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Art Installations

City of Waterloo Now/Then Youth Photography Project

Waterloo Now/Then documents the walk of seven young photographers (ages 10 to 17) through uptown Waterloo
and presents their photos alongside shots from days past (via the Waterloo Public Library's Ellis Little Local History
Room). As the photographers travelled from site to site they explored and photographed the space, texture, life and history of our evolving Waterloo and, through their photos, give us their own perspective of today before it becomes tomorrow's history.

The project was collaboration with Waterloo Public Library, lead by photographer & art educator Jason Panda, with youth photographers Alyssa P, David PC, Lily E, Isaiah S, Sydney E, Amanda PC, and Emily F.

Waterloo Public Library now hosts the results of the project online on A digital version of the print exhibit is also available to view or download


Tree of Light

In celebration of arts, culture and cuisine on Final Fridays, the City of Waterloo will host a temporary interactive art installation by John Russell and Laura Harrison, in Waterloo Public Square.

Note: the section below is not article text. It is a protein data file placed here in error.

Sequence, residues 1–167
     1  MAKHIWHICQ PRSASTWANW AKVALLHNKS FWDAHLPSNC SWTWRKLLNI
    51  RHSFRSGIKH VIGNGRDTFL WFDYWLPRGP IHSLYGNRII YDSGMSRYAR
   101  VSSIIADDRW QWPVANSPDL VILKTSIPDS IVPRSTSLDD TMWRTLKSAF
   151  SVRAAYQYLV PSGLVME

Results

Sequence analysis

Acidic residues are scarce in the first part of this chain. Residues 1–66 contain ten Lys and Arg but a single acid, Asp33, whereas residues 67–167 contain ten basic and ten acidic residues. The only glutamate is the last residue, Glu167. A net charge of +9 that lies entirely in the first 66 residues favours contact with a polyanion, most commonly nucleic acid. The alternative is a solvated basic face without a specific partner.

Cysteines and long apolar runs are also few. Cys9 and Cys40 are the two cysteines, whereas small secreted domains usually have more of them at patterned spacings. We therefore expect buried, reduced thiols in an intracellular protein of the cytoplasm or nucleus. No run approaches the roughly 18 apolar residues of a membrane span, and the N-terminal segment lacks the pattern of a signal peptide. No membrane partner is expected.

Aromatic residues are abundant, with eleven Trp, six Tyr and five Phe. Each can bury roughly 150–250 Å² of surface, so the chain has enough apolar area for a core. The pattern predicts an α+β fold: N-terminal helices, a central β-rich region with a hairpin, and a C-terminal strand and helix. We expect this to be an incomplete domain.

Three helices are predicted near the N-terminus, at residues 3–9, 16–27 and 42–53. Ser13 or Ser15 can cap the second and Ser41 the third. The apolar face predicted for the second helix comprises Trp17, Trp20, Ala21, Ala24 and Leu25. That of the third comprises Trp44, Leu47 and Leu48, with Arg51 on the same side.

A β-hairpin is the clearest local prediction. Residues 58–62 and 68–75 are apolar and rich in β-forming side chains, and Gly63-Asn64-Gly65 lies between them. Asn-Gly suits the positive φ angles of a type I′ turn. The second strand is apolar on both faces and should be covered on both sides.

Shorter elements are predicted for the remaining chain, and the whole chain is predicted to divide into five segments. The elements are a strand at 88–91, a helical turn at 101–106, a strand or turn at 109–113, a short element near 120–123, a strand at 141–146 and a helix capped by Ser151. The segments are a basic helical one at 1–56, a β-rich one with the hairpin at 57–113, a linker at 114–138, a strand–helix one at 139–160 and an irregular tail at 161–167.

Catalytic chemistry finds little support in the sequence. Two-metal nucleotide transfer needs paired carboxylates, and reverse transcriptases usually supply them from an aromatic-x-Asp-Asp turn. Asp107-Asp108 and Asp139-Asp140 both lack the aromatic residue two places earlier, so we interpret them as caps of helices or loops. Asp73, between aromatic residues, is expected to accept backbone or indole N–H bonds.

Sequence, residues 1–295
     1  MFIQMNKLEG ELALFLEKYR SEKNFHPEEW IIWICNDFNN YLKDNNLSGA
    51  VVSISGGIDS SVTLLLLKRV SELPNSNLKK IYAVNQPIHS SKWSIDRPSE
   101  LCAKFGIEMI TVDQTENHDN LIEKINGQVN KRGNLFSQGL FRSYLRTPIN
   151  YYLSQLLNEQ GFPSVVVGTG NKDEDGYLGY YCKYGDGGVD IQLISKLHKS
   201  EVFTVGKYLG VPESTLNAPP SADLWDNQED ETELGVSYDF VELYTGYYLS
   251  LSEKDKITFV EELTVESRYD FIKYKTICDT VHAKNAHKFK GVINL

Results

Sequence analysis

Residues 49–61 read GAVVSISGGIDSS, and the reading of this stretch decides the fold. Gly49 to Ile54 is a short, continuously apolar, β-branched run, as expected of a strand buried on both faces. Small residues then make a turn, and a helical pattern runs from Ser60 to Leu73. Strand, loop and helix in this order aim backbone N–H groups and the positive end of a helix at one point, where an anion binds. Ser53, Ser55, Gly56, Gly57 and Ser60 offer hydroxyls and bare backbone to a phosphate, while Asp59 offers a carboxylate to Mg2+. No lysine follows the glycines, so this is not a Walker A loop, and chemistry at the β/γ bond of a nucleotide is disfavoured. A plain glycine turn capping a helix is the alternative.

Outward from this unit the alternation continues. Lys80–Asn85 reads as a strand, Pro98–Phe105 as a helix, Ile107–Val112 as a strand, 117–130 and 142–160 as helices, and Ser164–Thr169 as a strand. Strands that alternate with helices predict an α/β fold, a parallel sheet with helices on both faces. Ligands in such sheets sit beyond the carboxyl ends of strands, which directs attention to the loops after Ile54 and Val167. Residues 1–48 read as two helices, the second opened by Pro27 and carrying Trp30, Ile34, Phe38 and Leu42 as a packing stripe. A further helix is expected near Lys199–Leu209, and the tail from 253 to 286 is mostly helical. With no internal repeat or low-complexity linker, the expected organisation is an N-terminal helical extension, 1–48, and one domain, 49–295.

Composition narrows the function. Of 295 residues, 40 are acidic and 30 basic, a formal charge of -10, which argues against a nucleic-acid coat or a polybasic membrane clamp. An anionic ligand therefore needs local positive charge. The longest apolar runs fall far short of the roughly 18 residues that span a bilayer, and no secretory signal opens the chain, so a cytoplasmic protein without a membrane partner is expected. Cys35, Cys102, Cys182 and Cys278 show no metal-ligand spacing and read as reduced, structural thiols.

"Tree of Light" is a place to gather, move and explore. Wander around the strings of lights as they warm up Waterloo Public Square and discover all the patterns you can create! Evoking a sense of wonder and warmth the display will reflect the twinkling lights as well as the city surrounding it. Snap a photo and see Waterloo from a different perspective.

John and Laura are a creative team from Guelph, Ont. Though they have very different professional backgrounds (in science and art) their creative passions have aligned in the exploration of lights in motion. They aim to spark curiosity about our everyday surroundings and encourage interaction with art and technology. 


'Look out!'

The term traffic calming describes interventions that make streets safer by reducing speeding and aggressive driving to increase pedestrian comfort and flow.

The City of Waterloo has installed ″Look out!″ a whimsical hedgehog and balloon art intervention by Katie Wilde at the William and Regina Street crosswalk. Katie is a Guelph-based visual artist with an affinity for nature, oddness and interactivity. She believes that art has the power to transform communities and alter peoples experience of their environment in a positive way. Art in unexpected places is one of this artists' greatest joys.

Photo Gallery: 'Look out!' by Katie Wilde will appear here on the public site.


For information on temporary art in public spaces, please see Public Art.